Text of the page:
Company Red Chili and Orange Cinnamon Rolls

Company Red Chili and Orange Cinnamon Rolls
Savory red chili and sweet  cinnamon rolls with  hint of orange.

Company Red Chili and Orange Cinnamon Rolls

Savory red chili and sweet cinnamon rolls with hint of orange.

An updated version of a well loved lunchroom classic.


Company Red Chili


1 – 1/2 pounds lean stew meat (or chili meat if preferred)

1 small onion, very finely minced

1 – 14 ounce can chopped tomatoes

1 – 14 ounce can water

1 tablespoon beef bouillon

1/2 teaspoon ground cumin

1/2 teaspoon ground coriander

1/2 teaspoon granulated garlic

1/4 teaspoon dried thyme

1/4 teaspoon dried oregano

1/4 teaspoon ground black pepper

1/2 teaspoon cocoa

2 tablespoons mild chili powder

1 teaspoon paprika

1 bay leaf



1 package active dry yeast

1/2 cup warm water (105-115 degrees)

1 1/2 teaspoons orange zest

1/4 cup orange juice

1/4 cup sugar

1 teaspoon salt

1 egg

3 tablespoons butter 

3 -3 1/2 cups all-purpose flour


3 tablespoons granulated sugar

3 tablespoons light brown sugar

1 teaspoon cinnamon

2 tablespoon butter, melted 


1 cup confectioners' sugar

2 tablespoons milk

1/2 teaspoon orange zest

1/2 teaspoon vanilla extract  


Company Red Chili

Place all of the ingredients in a slow cooker set to high for approximately 4 hours or low on 6 hours, stirring occasionally if possible.  Alternately place ingredients in a large saucepan set over medium high heat.  Bring to a boil before reducing heat to low, covering and simmering for approximately 1 – 1/2 to 2 hours, stirring occasionally.

Being a Texan, I just don’t believe that good chili has beans in it, but if you must drain a can of pintos and add them to the pot just long enough to heat them through.  You may also add some cayenne pepper 1/4 teaspoon at a time if you want some heat.  As directed this chili will be mild and mellow.  Serves 4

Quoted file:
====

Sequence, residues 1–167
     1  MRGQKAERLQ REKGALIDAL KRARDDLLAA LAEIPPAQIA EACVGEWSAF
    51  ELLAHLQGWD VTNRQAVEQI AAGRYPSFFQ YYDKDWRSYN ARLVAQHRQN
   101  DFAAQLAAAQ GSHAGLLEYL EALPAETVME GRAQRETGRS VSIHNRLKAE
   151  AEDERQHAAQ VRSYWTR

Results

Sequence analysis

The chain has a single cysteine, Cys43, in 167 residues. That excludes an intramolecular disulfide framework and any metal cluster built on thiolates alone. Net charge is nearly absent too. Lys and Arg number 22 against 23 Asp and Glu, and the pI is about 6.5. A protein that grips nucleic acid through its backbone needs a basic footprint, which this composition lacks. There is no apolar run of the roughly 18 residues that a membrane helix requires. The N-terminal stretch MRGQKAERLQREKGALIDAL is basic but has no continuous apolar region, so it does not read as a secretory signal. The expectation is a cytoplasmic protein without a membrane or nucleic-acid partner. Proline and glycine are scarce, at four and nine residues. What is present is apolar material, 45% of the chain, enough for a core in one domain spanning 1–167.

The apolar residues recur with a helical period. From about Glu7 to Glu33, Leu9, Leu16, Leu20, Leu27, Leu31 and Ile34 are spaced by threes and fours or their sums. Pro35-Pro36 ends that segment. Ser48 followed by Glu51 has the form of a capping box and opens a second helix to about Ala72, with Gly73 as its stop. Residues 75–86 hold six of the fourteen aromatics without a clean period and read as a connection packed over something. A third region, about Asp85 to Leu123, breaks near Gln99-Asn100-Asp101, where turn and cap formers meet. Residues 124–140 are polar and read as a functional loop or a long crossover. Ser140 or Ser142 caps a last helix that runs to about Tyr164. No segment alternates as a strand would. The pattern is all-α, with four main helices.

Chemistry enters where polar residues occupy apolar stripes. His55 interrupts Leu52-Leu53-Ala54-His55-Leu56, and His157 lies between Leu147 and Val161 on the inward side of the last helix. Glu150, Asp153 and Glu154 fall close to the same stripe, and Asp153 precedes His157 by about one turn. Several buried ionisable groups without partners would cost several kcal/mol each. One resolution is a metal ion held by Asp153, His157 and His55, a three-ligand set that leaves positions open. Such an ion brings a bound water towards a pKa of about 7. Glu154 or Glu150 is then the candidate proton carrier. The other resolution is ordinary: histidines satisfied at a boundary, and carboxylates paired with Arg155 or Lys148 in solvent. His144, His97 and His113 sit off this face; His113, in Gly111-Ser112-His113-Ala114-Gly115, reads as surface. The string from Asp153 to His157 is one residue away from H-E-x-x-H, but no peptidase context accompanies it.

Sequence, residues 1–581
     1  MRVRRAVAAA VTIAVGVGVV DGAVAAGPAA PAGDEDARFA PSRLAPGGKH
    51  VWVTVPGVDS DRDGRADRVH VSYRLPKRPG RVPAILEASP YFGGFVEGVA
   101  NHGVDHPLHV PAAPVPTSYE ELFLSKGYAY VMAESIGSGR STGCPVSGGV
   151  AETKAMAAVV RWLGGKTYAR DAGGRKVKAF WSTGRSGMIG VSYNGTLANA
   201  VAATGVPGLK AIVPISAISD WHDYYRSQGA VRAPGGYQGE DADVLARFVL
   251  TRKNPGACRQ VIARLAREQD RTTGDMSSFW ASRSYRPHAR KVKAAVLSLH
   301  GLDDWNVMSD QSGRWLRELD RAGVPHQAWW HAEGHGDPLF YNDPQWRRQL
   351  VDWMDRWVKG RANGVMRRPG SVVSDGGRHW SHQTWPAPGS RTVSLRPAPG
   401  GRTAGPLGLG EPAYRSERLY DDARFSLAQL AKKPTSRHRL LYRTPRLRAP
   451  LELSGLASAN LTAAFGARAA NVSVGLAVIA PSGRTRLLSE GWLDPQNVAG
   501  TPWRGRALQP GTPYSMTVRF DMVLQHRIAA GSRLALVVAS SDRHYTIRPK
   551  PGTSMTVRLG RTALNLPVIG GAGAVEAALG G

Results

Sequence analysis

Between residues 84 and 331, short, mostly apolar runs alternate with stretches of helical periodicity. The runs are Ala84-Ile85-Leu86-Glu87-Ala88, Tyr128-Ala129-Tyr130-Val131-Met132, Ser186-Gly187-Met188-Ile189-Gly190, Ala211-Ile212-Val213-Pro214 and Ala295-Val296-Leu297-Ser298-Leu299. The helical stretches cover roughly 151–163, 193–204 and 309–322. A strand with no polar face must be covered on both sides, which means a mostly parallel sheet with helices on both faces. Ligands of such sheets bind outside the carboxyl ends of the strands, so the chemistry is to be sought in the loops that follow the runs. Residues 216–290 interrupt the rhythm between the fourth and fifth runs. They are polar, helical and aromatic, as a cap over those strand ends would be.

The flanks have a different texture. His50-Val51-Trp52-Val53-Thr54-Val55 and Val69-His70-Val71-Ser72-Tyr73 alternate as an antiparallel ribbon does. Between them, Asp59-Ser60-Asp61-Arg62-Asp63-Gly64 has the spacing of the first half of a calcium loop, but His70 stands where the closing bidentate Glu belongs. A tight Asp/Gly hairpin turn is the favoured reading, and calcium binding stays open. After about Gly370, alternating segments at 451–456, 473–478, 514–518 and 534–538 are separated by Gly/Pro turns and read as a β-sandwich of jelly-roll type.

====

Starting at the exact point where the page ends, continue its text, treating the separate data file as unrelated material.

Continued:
Orange Cinnamon Rolls

Dissolve yeast in warm water in large mixer bowl and let sit for approximately 5 minutes or until foamy; add orange zest, orange juice, sugar, salt, egg, butter and 1 1/2 c of the flour. 

Beat 30 seconds on low, scraping bowl constantly; increase speed to medium, beat 2 minutes, scraping bowl occasionally (if you have a stand mixer with a dough hook, this makes for easy work).  Stir in enough of the remaining flour to make the dough easy to handle.   With stand mixer on low, knead dough for 5 minutes or until it is very smooth and elastic, or turn dough out onto floured surface and knead 5 minutes.

Place dough in a large greased bowl and turn over to coat with oil on all sides.  Cover bowl with plastic wrap and let rise in warm place until doubled in size, about 1 to 1 1/2 hours (dough is ready if an indentation remains when dough is touched).

Punch dough down and, on a lightly floured surface, roll into a rectangle 15x9".

For the filling, stir together the granulated sugar, brown sugar and cinnamon; set aside.

Spread dough with the melted 2 tablespoons butter (leaving a clean 1” border along one of the long edges) then sprinkle the sugar and cinnamon mixture evenly over the butter.

Beginning at one of the long sides, roll dough up jellyroll fashion, ending with the clean edge.  Pinch edge of dough to seal well.   If necessary, stretch dough slightly to make a 16” long roll.   Cut roll into 16 slices about 1" wide.  This is best done with a long piece of thread or dental floss that is slipped halfway under the roll and crisscrossed over the top.  Then take the opposite ends of the floss firmly in your hands and quickly pull in the opposite direction to cut.

Place slices slightly apart in a greased oblong baking pan, 13x9x2", or in greased muffin cups.  Cover and let rise until double, about 30 minutes.

Bake in a 375 degree preheated oven until rolls are golden brown, about 20 -25 minutes.  Drizzle with glaze while rolls are hot.

For the glaze mix together confectioner's sugar, milk, orange zest and vanilla; drizzle evenly over hot rolls. Makes 16 rolls

Chili Shopping Tip

Basic Latin ingredients include chiles, rice, adobo seasoning, and beans.

Chili Cooking Tip

Latin food often packs a lot of heat, so try to moderate the amount of chiles and spices you use for your dish.

Chili Wine Pairing

Malbec, syrah/shiraz, mourvèdre, Rhône blends, zinfandel, petite sirah, primitivo, or carménère for meat-based chili; Riesling, gewürztraminer, muscat, or torrontés for vegetarian or poultry-based chili.